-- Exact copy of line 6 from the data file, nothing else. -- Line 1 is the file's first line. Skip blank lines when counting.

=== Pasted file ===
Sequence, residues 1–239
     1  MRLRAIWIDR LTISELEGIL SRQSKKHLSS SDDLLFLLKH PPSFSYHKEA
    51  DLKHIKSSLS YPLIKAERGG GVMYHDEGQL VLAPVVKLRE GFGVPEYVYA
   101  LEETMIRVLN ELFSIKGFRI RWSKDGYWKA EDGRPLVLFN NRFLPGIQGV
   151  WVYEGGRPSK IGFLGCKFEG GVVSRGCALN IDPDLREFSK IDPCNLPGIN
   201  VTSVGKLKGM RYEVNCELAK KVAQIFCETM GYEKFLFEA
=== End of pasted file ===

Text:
   201  VTSVGKLKGM RYEVNCELAK KVAQIFCETM GYEKFLFEA